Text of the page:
Also includes: European travel insurance, UK breakdown cover, card protection
tsb platinum account Platinum Account
(more details)
£17 iPhone: £100
Others: £50
Features: Unauthorised use cover for up to £1,500
Also includes: Worldwide travel insurance, UK breakdown cover, card protection

Not covered already? Get covered

When every avenue has been exhausted for cover under an existing policy, it may be worth considering mobile phone insurance from a standalone provider.

Some insurers specialise in mobile phones, whilst others cover a wider variety of gadgets.

Types of cover

Like the network operators, many mobile phone insurers offer different levels of cover, with basic policies covering accidental damage only. Expect a comprehensive policy covering loss, theft and breakdown to cost more.

The kind of cover we'll need depends to an extent on the kind of person we are: clumsy but otherwise conscientious types may benefit more from a damage-only deal, for example.

It also depends how much it would cost to replace our handset - and whether a provider will insure it or not. Most cover all makes and models, but there are some that won't insure the very newest devices.

As should be clear from the packaged account policies above, iPhone owners should be aware that they may often have to pay more to protect their phones, with many dealing with them in completely separate policies.

It goes without saying, but always compare policies like-for-like before buying.


The long list of exclusions is the biggest reason many people decide against buying mobile phone insurance. While some exclusions are expected, others are simply ridiculous.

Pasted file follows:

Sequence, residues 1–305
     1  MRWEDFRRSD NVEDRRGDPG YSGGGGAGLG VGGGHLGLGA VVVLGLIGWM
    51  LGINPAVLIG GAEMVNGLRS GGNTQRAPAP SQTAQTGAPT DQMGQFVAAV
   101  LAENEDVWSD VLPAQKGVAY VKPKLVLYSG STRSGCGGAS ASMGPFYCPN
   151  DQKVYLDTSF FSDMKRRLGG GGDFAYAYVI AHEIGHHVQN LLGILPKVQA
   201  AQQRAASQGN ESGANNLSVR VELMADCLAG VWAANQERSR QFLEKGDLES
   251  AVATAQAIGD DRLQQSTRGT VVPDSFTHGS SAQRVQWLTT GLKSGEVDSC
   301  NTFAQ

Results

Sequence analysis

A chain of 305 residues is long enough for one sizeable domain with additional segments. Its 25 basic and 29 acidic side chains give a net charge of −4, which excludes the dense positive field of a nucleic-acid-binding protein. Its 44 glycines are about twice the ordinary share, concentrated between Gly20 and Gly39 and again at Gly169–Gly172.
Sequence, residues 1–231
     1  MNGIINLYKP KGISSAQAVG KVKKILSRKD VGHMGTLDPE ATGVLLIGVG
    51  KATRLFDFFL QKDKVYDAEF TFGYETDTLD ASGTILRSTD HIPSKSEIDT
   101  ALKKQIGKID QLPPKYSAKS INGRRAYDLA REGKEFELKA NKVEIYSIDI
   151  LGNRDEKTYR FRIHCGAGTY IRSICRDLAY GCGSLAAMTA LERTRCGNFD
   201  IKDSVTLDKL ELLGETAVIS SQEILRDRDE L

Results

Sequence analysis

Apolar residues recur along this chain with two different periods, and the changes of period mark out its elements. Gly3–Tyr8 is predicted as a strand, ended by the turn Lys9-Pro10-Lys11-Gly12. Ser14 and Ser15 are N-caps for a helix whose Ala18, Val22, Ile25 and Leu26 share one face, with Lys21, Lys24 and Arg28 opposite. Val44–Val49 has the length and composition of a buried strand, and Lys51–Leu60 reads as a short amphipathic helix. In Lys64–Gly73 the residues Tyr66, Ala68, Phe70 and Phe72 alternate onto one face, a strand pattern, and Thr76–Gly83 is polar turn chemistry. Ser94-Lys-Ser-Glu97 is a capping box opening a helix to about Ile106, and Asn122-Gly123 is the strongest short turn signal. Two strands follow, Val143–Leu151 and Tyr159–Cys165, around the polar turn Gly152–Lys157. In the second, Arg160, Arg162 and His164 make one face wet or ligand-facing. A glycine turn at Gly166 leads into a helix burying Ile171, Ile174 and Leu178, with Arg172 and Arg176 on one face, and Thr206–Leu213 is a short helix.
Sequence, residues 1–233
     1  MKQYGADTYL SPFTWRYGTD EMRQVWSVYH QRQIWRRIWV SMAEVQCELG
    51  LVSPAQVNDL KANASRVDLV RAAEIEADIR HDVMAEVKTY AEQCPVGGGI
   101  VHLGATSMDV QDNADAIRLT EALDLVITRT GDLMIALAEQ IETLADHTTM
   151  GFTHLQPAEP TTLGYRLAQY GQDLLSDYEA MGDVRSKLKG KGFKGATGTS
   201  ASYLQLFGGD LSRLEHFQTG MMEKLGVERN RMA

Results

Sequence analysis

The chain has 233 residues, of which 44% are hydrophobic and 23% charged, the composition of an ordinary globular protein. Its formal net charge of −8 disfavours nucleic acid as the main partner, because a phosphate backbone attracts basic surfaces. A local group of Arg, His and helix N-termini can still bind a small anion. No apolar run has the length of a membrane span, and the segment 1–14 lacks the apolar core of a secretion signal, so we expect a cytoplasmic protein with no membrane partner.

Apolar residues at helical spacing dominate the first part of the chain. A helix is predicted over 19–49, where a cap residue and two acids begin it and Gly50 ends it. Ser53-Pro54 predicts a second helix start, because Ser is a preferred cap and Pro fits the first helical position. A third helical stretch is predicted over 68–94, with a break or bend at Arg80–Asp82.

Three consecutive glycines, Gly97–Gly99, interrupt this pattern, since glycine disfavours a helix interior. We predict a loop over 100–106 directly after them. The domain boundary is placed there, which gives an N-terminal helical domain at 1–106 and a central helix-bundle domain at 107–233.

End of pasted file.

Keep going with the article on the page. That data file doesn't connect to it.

Here's a few examples of typical exclusions to be aware of:

Is it worth it?

Those of us who've just splashed out on a brand new smartphone - whether we've just committed to a two-year contract, or bought one outright - should consider how they'd cope financially if the dog chewed it to pieces, or we left it on a cross country train.

Would we have the cash to buy another? Probably not.

Mobile phone insurance can have its place then - and the promise of a replacement within 24 hours for just a few pounds a month seems reasonable.

However, with so many exclusions - such as failing to report a loss within 24 hours, having the phone stolen from your desk when you nip to the toilet, or if you give it to your child and they lose it - that make it difficult to make a successful claim, it can also seem like a waste of money.

If the cost of the phone doesn't outweigh the monthly premium and any excess when making a claim, it could be worth considering self-insuring.

Instead of paying an insurance provider a monthly premium, stash the cash to one side. If anything happens, simply dip into the savings to buy a new handset.

Mobile phone insurance can be suitable for some people in some instances, but those looking to buy cover should also look at whether they might be covered already and what kind of protection they want before shopping around for a policy.

Please note: This article presents an opinion based on general market research - if you're considering purchasing a mobile phone insurance policy you should speak with an Independent Financial Adviser to get specific help for your individual situation..


31 March 2015
Dennis tate

A lot of these phone insurance companies have clauses in for theft from your person, that is it has to be by force, and pinching from you unknowingly is not a valid claim. Beware read the terms and conditions thoroughly.